updated 2-9-2000




ON JANUARY 31, 2000


Alaska Airlines Hotline: 1(800)553-5117

NOTE:  Another plane with the same tail stabilizer problem returned to Phoenix today after taking off and experiencing problems.

Flight 261: Scary Thinking Here

January Dreams of Plane Events


Capt. Ted Thompson, 53, Redlands, Calif.

Craig Pulanco, 30,
flight attendant, Seattle


Avine Deo, Seattle

Monte Donaldson, 31, Seattle

Dean Forshee, Concord, Calif.

Jerri Fosmire

Allen Friedman, Round Lake Beach, Ill.

Russell Ing

Rachel Janosik, Enumclaw, Wash.

Karl Karlsson, San Bruno, Calif.

Carol Karlsson, Petaluma, Calif.

Joseph Knight, 54, Monroe, Wash.

Linda Knight, 51, Monroe, Wash.

William Knudson, 53, Sacramento, Calif.

Charles Russell, Hayward, Calif.

Barbara Ryan

Bradford Ryan

James Ryan, Redmond, Wash.

Terry Ryan

Morrie Thompson, 61, Fairbanks, Alaska

Thelma Thompson, Fairbanks, Alaska

Sheryl Thompson

Robert Thorgrimson, Poulsbo, Wash.

Lorna Thorgrimson, Poulsbo, Wash.

Bob Williams

Patty Williams

First Officer William Tansky, 57, Alameda, Calif.

Kristin Mills, 26, flight attendant, based in Seattle.

Gabriella Chavez, San Diego

Jacqueyn Choate, Santa Cruz, Calif.

Toni Choate, Santa Cruz, Calif.

Sheri Christiansen, San Francisco

Carol Clemetson, Seattle

Spencer Clemetson, Seattle

David Clemetson, Seattle

Blake Clemetson, Seattle

Miles Clemetson, Seattle

Coriander Clemetson, Seattle

John Cuthbertson

Juan Marquez, San Francisco

Ileana Ost, San Bruno, Calif.

Emily Ost, infant, San Bruno, Calif.

Bob Ost, San Bruno, Calif.

Cynthia Oti, Oakland, Calif.

Sarah Pearson, Seattle

Grace Pearson, Seattle

Rodney Pearson, Seattle

Rachel Pearson, 6, Seattle

Deborah Penna

Jean Permison, Scotts Valley, Cali.

Stanford Poll, 59, Mercer Island, Wash.

Anjesh Prasad, Seattle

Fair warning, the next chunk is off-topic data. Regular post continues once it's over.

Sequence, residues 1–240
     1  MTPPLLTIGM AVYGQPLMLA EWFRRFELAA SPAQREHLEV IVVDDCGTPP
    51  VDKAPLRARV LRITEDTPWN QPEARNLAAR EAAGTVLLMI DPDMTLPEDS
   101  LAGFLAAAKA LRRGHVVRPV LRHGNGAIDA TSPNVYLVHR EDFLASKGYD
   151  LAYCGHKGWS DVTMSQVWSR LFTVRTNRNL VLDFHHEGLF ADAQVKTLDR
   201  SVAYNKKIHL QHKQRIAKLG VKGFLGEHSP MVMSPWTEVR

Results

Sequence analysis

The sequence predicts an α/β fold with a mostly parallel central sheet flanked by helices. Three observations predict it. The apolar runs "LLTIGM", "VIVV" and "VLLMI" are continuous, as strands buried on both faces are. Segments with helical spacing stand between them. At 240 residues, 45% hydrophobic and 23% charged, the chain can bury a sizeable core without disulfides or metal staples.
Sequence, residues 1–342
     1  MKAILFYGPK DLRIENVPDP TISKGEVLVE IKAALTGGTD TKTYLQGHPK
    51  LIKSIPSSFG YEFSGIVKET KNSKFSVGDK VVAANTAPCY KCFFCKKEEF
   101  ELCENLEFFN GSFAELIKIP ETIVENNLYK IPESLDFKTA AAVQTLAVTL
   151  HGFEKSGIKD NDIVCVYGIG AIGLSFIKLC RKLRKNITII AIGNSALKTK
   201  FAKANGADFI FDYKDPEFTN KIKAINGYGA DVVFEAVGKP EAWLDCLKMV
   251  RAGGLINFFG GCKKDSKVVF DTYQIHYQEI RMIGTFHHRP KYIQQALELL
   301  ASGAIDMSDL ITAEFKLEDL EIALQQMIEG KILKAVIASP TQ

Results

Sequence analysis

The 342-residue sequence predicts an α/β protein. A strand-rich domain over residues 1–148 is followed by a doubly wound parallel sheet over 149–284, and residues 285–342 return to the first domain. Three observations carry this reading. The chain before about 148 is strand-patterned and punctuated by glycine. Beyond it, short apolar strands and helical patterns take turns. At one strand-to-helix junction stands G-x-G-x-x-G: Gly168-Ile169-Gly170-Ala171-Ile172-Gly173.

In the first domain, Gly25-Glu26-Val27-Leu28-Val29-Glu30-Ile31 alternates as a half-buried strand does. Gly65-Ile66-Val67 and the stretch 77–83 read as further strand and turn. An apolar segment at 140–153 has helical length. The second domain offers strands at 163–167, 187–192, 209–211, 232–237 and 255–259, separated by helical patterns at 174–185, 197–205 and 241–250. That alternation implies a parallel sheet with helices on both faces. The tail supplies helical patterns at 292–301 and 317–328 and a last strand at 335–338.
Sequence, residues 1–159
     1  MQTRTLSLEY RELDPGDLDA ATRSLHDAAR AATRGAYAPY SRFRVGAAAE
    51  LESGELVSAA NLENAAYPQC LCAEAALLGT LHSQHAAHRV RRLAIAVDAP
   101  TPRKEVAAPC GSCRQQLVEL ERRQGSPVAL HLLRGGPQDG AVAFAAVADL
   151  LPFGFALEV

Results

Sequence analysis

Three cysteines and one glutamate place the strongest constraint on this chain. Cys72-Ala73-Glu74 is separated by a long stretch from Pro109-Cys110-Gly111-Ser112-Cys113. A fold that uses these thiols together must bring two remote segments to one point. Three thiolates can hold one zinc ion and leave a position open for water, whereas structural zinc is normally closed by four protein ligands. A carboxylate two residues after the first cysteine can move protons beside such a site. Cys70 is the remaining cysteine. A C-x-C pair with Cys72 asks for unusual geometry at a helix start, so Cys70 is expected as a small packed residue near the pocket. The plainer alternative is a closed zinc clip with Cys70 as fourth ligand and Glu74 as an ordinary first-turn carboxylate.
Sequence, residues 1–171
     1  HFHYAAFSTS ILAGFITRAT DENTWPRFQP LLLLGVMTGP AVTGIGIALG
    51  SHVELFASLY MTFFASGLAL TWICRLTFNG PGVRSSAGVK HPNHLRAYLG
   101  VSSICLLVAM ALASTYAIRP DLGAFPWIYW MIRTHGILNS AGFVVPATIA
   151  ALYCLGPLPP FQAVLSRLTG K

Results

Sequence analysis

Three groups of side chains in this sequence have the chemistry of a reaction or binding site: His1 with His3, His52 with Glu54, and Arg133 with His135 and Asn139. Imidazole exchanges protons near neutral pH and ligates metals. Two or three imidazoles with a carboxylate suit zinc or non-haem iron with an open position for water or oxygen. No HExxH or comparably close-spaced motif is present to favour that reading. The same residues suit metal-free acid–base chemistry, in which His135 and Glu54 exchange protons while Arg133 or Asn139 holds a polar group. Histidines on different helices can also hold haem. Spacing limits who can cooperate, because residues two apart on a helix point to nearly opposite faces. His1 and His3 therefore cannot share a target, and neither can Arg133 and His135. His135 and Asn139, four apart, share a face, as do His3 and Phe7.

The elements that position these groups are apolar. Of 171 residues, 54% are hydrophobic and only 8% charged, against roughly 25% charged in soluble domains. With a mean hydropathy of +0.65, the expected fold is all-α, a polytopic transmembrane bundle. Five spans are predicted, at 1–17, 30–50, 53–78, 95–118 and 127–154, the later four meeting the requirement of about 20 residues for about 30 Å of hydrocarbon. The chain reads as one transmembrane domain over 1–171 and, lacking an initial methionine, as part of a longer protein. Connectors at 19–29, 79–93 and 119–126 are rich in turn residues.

Avinish Prasad, Seattle

Paul ''Clarke'' Pulanco, 40, Seattle

Nina Voronoff

Allison Shanks, 33, flight attendant, based in Seattle.

Larry Baldridge Jr., Novato, Calif.

Renato Bermudez, Granada Hills, Calif.

Michael Bernard

Malcolm Branson, Seward, Alaska

William Bryant

Ryan Busche

Abigail Busche

Jean Gandesbery, San Francisco

Robert Gandesbery, San Francisco

Meghann Hall, Enumclaw, Wash.

Aloysius Han, Oakland, Calif.

Barbara Hatleberg, Eugene, Ore.

Glenn Hatleberg, Eugene, Ore.

Robert Hovey, 50, lived on sailboat in the east San Francisco Bay.

Rodrigo Laigo

Naomi Laigo

Ronald Lake, Corte Madera, Calif.

Joyce Lake, Corte Madera, Calif.

Bradley Long, 39, Sacramento, Calif.

James Luque, 41, San Francisco

Ellen Salyer, Sebastopol, Calif.

Stacy Schuyler, Milton, Wash.

Donald Shaw, Shelton, Wash.

Charlene Sipe, Seattle

Joan Smith, Belmont, Calif.

Ryan Sparks, Enumclaw, Wash.

Harry Stasinos, Seattle

Thomas Stockley, 63, Seattle

Margaret Stockley, 62, Seattle

Janice Stokes, Ketchikan, Alaska

Colleen Whorley, 34, Seattle

Steve Wilkie, San Francisco

Profiles of Flight 261 Crew, Passengers


.c The Associated Press

(Feb. 2, 00) - Those aboard Alaska Airlines Flight 261 included a family of six, a firefighter who loved risk, a pilot who also was a safety instructor for the airline, a writing instructor on vacation and an off-duty flight attendant who had flown family and friends to Mexico for an impromptu birthday party. A thumbnail look at their lives:

Robert Ost considered risk part of the job and part of life.

A 15-year veteran of the South San Francisco Fire Department, he was also an avid paraglider and mountain climber.

''To me, what he always did was risk, but he was always safe in doing it,'' said John Lucia, an assistant fire chief who gathered with co-workers at the Ost home Tuesday.

Ost, his wife Ileana - who worked for the airline as a customer service representative - and their daughter Emily all were on Flight 261, said South San Francisco Department Chief Russ Lee.

Another couple, Jean Permison, Ileana Ost's mother, and Charles Russell, both of Scotts Valley, also were aboard the flight.